Time is running out with the European elections calling

by | 30. May 2018

Bonn, Münster, Düsseldorf, Wesel… The list of cities in which we have already built up our wooden dome within the European Public Sphere Tour through NRW is constantly growing. And on Saturday, 26.05.2018, we added another one. This time in a small group, we set of very early in the morning to gather the euroregional experiences of people living in the European border region and make them a topic for discussion at the City Festival in Wesel.
Even if broken screws, a small amount of helpers and a somewhat chaotic approach (maybe some sleep was missing…?) led to the fact that the construction took longer than usual, this did not detract from our mood and motivation. In addition, the decisive thing was accomplished without any problems: On the dot at the beginning of the conversation at noon, the dome was ready to be set up and prepared. And as before in every city, it immediately led to curious glances and interested inquiries from passers-by – despite its rather unfavorable location. Somewhat hidden behind the stand of the Malteser and a fixed wooden artwork, we had to compete against a dance club, which also invited visitors to join in and linger, accompanied with loud music.

 

In the discussion under the dome at 12.00 o’clock, beforehand invited representatives of the organizations Diem25, Euregio Rhine Waal north as well as a local politician of the Piratenpartei, a professor of the Rhine Waal University and a somewhat older gentleman, who heard of our project from the local press, participated. Unfortunately, on site we could only get a few people to join in and listen, most of them were content with a shy, short look into the dome; which may have also been due to the hot temperatures and the blazing sun.

“The aim is not egalitarianism but to learn from each other and to possibly become much stronger – through this diversity.” Prof. Dr. Ing. Rolf Becker

Rhein-Waal University

Video from our Dome Talk in Wesel
Nevertheless, a lively discussion (albeit difficult to understand because of the loud music of the neighboring stand) took place, which focused primarily on the problem of making Europe tangible through country cooperation. Possibilities include orchestras, choirs, sports clubs with members from several countries, student exchanges, school partnerships, ERASMUS and Interrail were mentioned. This would already make Europe concrete for children and young people. However, as one participant emphasized, the decisive factor is that there must be under no circumstances any egalitarianism between the countries.

It also became clear during the discussion that Europe exists at two levels, the political level and the level of citizens. In particular, on the latter the Europeans must be reached with the heart. Everyone has a duty to contribute ideas and, in addition to the existing instruments, to promote Europe. Because freedom also means using it through active participation. This led to the question of the political maturity of citizens. How much responsibility can we give him now and in the future? But no matter how you answer this question, everyone should be always mindful of one thing: “We are all ambassadors of our culture – regardless of origin, residence status and professional knowledge”; therefore, everyone must be welcomed and valued in society.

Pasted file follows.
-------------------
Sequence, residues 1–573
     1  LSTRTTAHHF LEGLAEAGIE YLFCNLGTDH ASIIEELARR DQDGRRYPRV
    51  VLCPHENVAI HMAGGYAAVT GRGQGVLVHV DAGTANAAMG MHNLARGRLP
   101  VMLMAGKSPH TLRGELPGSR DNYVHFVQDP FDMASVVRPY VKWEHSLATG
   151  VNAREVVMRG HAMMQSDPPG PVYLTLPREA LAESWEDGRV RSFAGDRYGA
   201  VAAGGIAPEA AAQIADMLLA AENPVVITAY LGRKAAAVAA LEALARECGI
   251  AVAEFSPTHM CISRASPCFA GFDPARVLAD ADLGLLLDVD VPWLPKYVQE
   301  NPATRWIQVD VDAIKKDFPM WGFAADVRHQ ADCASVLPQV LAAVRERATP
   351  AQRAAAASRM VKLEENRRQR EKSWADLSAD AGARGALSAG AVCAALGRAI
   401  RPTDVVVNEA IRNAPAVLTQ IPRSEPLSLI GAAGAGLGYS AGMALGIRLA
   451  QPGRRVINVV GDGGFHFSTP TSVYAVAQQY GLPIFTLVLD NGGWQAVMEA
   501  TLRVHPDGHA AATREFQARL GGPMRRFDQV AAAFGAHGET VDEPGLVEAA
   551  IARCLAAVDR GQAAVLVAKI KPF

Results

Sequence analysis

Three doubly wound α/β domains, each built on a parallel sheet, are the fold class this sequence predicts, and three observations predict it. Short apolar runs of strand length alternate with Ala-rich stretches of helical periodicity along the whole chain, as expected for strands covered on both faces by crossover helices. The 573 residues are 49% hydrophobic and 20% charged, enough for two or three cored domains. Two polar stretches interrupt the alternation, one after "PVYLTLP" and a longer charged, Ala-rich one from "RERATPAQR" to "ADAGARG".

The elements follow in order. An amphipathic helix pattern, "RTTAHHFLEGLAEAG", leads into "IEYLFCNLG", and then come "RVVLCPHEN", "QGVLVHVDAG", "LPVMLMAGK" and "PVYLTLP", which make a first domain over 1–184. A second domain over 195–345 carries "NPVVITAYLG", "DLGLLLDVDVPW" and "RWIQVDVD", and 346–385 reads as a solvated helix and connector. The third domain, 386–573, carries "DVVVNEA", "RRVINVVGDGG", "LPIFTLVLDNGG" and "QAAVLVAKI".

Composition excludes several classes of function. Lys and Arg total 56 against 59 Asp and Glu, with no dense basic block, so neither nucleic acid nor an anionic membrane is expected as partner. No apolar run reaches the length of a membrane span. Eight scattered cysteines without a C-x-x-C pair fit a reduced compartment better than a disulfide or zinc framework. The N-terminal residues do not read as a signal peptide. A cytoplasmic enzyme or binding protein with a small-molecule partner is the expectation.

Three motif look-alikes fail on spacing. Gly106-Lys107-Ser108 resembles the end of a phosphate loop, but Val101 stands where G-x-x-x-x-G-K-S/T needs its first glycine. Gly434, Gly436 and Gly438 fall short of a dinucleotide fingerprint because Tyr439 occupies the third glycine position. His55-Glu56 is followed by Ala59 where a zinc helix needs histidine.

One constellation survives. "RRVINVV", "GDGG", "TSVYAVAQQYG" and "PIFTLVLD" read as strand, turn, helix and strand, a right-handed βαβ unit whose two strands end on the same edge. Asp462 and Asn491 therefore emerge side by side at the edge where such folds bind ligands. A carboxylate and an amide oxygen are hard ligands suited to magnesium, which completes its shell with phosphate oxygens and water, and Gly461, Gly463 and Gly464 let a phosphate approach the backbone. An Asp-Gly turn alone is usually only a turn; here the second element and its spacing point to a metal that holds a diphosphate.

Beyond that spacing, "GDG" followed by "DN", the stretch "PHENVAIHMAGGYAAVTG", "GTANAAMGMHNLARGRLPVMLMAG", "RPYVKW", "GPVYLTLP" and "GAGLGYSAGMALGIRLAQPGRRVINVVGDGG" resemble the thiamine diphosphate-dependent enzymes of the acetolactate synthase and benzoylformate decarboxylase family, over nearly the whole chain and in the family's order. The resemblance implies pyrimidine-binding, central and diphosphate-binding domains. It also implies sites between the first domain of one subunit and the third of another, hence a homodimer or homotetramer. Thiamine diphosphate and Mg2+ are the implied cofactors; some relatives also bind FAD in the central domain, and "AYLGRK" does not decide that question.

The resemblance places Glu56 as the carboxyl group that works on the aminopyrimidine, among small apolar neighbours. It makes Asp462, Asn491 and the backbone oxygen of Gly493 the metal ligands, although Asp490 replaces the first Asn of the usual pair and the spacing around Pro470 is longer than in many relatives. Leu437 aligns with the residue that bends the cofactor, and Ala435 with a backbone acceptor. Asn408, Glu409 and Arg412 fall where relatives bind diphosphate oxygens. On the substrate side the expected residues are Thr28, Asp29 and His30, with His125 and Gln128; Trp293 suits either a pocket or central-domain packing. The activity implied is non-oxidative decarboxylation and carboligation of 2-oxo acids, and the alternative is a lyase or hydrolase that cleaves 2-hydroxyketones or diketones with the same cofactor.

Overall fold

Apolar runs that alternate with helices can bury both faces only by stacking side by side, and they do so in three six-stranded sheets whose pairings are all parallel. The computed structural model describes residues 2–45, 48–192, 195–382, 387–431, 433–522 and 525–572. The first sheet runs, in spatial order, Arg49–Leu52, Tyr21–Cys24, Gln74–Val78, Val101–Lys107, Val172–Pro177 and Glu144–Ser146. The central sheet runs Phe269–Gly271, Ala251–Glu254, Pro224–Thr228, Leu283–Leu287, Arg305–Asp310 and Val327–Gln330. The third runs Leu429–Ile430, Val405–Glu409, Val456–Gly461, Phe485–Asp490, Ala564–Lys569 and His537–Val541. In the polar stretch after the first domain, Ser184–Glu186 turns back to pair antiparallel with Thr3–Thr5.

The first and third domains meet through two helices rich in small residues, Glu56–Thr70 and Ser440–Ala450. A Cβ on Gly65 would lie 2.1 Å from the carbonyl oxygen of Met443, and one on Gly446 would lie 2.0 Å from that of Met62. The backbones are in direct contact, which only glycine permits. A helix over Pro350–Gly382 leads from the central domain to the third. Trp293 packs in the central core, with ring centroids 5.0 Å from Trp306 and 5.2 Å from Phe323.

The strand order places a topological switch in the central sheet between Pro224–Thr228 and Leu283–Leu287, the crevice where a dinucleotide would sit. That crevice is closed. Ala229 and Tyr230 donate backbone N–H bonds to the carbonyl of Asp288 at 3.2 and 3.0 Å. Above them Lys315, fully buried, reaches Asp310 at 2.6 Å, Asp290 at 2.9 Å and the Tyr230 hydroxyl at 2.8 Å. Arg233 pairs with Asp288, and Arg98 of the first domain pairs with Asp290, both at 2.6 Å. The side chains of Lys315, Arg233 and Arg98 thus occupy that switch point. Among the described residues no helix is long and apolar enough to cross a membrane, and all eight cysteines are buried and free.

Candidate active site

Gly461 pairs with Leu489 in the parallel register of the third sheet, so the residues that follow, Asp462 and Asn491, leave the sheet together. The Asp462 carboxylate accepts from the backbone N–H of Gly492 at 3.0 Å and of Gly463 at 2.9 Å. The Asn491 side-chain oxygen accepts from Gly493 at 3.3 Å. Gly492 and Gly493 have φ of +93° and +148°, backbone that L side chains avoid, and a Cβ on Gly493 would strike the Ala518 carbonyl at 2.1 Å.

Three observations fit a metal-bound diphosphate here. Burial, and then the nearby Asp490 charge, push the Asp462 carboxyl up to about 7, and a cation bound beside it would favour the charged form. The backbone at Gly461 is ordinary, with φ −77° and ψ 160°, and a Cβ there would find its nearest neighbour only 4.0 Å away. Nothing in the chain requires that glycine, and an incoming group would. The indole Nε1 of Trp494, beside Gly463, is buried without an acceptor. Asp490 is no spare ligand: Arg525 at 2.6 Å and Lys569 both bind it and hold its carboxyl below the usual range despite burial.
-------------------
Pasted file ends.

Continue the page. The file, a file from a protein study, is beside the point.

Other buzzwords that came up in the course of the discussion were a two-speed Europe, exchanges of experts and the European social policy.
Through the contributions of the oldest participant, the past and the lessons of the past for our time have been taken up again and again. At the same time, however, a look into the future was not forgotten, whereat the European elections in a year’s time is the main focus. Until then, the main task would remain to raise awareness of Europe and promote the election. But all participants agreed that the future does not look as gloomy as often assumed. With new hope and strengthened for a commitment to the “Europe” project, everyone emerged from the discussion.

Despite minor mishaps and partly hindering side conditions, a positive summary of the event in Wesel can be drawn at the end. And one thing above all will be remembered always: The heat… Yet again it was a lot of fun and an enriching event, at which great ideas and suggestions about Europe were mentioned. Due to these successes so far, we are not tired of adding many others to the list of visited cities – the next time in two weeks by Witten.

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Some impressions from our event: